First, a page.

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Hand tool revalations #2: Stanley No. 48, new to me

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Blog entry by Andrew posted 01-11-2012 05:25 AM 1640 reads 0 times favorited 6 comments Add to Favorites Watch
« Part 1: the revolution has begun Part 2 of Hand tool revalations series Part 3: curves and tenons »

The top, I decided to assemble this with tongue and groove joinery, I have a Stanley 48, this is the plane that started the madness.it has 2 cutters, and a pivoting fence. With the fence one direction it cuts a groove, swing it 180 degrees and it cuts the tongue. The plane will center on 7/8” thicknessed wood, but one tip… make a decision, either the fence is always on the face of the peice or the back, and stick with it. If you flip back and forth, it will cause the face of your work to be real bumpy. This is one of the mistakes I did not make, but will look forward to making it in the future ( I will, its in my nature ).

Another lesson with this plane, start close to the end you want to finish at, and take short strokes, working back until you can make a full length run, it is just easier.

Also I found that my front hand was best used to hold the fence against the face, and my thumb just sort of cupped the front knob

So the issue is this plane ( from ebay) came without any irons (blades), so I made my own from an old transition plane that had no handles, so it donated its iron. These irons need to be precise to work, I spent the better part of the day getting things relatively close, definately not perfect, but very close. So there was some final fitment work to be done. I used my Stanley 93 shoulder plane for this task.

So now it is time to clamp it up, yes dry assemble first, then glue.

Glue is dry now, it is time to trim it up, keeping 1 edge as my reference for all tasks, like squaring, and what not. Also I will take my Jack Plane this one is an old Bailey that has a portion of its side broken off, I have kind of turned it into a scrub plane by putting a radius on the iron, and opened the mouth. This I will use to bring the table top down to fairly flat ( technical term). Then, I use another No 5 the I bought from Grizzley for $30 or so, set much more fine, almost like a smoother, to smooth the surface. Then on to the Stanley number 4, these planes did not like the knots in the wood, but if they are set fine enough it is not to bad.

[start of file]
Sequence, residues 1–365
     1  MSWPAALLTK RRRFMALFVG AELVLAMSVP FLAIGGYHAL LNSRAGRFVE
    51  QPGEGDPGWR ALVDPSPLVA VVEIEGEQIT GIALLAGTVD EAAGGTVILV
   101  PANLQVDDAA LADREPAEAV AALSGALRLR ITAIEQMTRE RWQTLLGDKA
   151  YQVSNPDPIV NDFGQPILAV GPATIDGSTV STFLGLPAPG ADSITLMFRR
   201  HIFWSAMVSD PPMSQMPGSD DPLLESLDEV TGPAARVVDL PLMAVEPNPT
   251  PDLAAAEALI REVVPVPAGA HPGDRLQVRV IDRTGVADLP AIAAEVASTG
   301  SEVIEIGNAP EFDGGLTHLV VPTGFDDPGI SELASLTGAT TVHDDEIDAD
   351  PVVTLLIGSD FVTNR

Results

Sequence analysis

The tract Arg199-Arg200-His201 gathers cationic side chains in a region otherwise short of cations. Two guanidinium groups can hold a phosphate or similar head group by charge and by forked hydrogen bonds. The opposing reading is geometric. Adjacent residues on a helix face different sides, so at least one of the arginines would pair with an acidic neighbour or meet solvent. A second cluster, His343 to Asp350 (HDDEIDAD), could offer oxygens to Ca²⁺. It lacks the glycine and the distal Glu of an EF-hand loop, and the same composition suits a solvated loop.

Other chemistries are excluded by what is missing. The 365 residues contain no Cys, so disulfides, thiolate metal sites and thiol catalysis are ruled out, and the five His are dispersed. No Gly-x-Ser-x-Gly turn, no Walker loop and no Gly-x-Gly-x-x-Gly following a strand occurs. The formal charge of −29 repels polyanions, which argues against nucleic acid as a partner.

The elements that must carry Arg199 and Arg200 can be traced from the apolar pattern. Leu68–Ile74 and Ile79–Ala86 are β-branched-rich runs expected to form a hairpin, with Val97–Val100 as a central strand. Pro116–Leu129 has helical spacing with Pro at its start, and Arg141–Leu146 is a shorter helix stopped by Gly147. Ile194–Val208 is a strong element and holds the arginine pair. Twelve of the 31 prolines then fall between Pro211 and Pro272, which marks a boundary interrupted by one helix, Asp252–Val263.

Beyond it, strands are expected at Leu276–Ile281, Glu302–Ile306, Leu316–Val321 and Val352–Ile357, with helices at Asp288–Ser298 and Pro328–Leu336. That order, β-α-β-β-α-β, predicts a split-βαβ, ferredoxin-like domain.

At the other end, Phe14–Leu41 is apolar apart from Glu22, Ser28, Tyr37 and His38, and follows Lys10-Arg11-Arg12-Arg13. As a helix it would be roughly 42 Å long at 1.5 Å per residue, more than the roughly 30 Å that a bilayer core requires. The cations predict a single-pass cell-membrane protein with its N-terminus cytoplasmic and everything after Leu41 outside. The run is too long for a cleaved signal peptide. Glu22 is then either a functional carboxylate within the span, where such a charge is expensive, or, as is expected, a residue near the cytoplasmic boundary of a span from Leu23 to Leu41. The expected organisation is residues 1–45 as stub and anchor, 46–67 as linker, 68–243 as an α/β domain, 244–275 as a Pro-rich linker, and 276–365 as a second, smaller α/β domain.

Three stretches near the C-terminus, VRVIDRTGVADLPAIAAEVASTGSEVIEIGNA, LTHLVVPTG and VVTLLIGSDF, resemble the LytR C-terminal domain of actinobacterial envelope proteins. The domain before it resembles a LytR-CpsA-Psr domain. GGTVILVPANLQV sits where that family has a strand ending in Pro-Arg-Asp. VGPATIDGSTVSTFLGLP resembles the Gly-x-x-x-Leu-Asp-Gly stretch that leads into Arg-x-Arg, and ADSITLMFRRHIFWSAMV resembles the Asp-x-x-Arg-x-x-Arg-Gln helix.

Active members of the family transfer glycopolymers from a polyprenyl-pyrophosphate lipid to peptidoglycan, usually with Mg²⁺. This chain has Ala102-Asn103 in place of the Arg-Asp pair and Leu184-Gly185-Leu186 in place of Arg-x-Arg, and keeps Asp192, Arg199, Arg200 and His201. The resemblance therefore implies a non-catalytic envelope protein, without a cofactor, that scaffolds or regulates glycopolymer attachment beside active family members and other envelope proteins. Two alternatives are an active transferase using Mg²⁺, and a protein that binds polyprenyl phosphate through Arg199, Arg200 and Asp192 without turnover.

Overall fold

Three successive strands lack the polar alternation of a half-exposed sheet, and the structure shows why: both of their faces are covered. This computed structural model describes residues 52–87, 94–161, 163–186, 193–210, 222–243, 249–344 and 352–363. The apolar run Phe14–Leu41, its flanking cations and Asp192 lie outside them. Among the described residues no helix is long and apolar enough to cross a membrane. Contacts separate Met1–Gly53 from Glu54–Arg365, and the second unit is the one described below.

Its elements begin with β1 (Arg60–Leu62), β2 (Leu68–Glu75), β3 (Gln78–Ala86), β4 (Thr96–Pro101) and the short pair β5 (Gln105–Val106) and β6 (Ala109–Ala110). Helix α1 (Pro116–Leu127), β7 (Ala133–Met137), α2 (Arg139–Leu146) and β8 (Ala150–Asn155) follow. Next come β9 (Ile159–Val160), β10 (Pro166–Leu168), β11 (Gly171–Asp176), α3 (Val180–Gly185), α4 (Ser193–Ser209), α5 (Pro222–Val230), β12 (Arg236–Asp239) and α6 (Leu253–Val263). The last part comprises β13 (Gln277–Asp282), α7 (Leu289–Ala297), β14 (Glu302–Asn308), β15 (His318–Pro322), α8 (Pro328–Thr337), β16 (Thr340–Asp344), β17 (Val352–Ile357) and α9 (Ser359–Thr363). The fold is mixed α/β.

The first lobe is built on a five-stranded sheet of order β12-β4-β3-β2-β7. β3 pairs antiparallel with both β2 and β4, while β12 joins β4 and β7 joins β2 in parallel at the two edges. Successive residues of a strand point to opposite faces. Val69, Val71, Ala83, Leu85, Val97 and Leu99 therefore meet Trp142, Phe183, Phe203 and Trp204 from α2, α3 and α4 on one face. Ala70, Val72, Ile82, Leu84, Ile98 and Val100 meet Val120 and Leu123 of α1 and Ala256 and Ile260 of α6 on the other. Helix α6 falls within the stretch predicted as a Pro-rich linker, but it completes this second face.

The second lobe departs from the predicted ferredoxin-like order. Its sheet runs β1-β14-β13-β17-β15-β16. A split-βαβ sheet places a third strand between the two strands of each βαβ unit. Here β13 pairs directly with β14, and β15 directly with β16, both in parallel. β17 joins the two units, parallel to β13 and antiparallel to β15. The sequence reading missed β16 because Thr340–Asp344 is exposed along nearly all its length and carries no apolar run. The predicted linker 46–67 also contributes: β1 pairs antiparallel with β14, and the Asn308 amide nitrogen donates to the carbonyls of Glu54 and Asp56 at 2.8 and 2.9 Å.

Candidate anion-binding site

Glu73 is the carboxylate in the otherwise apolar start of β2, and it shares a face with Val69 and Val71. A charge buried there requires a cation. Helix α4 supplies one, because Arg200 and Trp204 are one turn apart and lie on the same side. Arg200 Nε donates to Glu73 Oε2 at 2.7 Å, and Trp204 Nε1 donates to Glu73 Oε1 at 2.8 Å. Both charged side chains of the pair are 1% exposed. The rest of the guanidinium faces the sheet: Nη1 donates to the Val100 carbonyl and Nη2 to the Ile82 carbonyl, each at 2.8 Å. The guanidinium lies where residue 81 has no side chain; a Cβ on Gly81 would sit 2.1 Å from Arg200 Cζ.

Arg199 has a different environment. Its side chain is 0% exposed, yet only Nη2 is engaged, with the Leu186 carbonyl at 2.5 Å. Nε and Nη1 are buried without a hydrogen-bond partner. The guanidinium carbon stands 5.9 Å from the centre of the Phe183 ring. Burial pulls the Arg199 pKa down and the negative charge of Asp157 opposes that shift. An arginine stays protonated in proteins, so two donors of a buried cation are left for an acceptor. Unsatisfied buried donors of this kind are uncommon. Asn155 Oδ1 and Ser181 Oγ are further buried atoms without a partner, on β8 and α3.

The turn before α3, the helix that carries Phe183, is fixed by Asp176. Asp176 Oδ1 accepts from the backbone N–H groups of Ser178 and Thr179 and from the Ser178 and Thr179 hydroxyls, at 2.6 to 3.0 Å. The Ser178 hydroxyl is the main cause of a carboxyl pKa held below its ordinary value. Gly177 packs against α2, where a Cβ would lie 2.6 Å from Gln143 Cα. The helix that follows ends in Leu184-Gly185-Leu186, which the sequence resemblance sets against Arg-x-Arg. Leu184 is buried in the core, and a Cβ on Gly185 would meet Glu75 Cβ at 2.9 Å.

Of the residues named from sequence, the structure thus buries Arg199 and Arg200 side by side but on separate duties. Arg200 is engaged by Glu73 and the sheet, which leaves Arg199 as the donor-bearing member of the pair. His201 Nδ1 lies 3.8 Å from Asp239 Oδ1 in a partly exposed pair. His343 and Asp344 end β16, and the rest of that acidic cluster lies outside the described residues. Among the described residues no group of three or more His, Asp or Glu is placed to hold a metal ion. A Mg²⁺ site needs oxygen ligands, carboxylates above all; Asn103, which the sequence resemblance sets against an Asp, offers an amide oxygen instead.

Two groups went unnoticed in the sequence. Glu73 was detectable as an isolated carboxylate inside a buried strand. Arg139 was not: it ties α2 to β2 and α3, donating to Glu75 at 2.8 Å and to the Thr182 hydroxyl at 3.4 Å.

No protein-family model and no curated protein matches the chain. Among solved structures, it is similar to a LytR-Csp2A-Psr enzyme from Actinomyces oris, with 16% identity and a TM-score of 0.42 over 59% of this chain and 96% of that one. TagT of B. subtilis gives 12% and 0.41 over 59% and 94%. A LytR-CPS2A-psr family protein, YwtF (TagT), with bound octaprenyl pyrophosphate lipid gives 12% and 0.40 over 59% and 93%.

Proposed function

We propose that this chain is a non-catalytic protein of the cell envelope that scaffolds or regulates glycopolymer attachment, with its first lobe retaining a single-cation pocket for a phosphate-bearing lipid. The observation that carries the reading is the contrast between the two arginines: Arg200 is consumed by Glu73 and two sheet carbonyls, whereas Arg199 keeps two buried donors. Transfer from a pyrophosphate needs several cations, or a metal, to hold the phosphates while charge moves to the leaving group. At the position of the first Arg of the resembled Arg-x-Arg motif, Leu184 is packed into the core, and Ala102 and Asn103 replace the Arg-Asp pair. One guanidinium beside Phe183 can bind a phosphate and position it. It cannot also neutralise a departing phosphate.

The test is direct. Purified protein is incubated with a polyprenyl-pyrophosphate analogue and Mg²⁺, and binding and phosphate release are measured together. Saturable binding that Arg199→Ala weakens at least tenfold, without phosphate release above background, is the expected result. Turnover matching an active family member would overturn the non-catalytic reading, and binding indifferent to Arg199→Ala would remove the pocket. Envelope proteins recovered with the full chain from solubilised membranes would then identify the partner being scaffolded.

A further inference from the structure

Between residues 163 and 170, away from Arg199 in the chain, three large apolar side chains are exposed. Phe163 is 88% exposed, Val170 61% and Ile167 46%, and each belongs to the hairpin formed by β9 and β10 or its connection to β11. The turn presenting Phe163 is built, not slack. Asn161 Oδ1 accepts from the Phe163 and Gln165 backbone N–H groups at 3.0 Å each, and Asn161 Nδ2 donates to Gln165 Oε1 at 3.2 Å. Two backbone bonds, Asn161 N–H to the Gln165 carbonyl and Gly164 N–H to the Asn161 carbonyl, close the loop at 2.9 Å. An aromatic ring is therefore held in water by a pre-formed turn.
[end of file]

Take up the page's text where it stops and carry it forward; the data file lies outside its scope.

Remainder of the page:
So I want to profile the edge, and I was thinking a round over with a bead would be nice. Yes it still would be nice. I used my Stanley 45 and I made a round over with a bead profile blade for this, I used my grinder ( it is elcectric, but was not used to harm any wood) a file and a slipstone and it is really sharp. Knowing that endgrain can be difficlt to deal with, I started there.

This is how it turned out.

This is how I fixed it.

So maybe, just a nice chamfer, geuss I should use my new Christmas present… the Veritas skew block plane, and my marking gauge.

So now I should rip off the front and back edges, I left them in case there was chipout from profiling the endgrain. I had to plan ahead, cause it would not be difficult for me to end up with a table for a doll house.

Now I repeat the edge treatment, rough #5, smooth #5, then check the edge for square, check the corners for square. and back to the skew block and marking gauge

Thats enough for tonight, tomorrow will be the apron, I wanted to do that last, because I really wasn’t sure how big the table top was going to end up being. The question is…. will I find a legitimate use for the #45? I already know the answer.
Thanks for checking it out.

-- Even a broken clock is right twice a day, unless, it moves at half speed like ....-As the Saw Turns



6 comments so far

View sedcokid's profile

sedcokid

2683 posts in 2323 days


#1 posted 01-11-2012 02:57 PM

a great tutorial for the use of these planes

thanks for shring

-- Chuck Emery, Michigan,

View Don W's profile

Don W

15431 posts in 1292 days


#2 posted 01-11-2012 03:11 PM

I’ve had a #48 in my hands a couple of times at a few antique shops. Someday I WILL walk out with one.

-- Master hand plane hoarder. - http://timetestedtools.com

View dcwn45's profile

dcwn45

5 posts in 1716 days


#3 posted 01-12-2012 02:26 AM

Great job Andrew! nice play by play with the pics!

View drfunk's profile

drfunk

223 posts in 1401 days


#4 posted 01-12-2012 03:10 AM

I love my 48 and use it more than I should. I will say that a 45 is no match for cross grain – actually there are not very many planes that are.

View Dave's profile

Dave

11201 posts in 1564 days


#5 posted 01-14-2012 02:42 AM

Well done blog And a whole lot of nice planes. Tongue and grove are on my list now. A #48 would be nice but I would like to try wooden bodies first. Don where are these antique shops with #48’s on the shelf. All I have down here is #4’s and #5’s.
Thanks for posting Andrew, I love to see shavings.

-- Superdav "No matter where you go - there you are." http://chiselandforge.com

View RGtools's profile

RGtools

3312 posts in 1379 days


#6 posted 01-16-2012 04:21 PM

I spat my coffee out when I saw the “this is how it turned out”...”This is how I fixed it” Pics.

It’s nice to build the table from the top down; because you can get away with stuff like that.

-- Make furniture that lasts as long as the tree - Ryan

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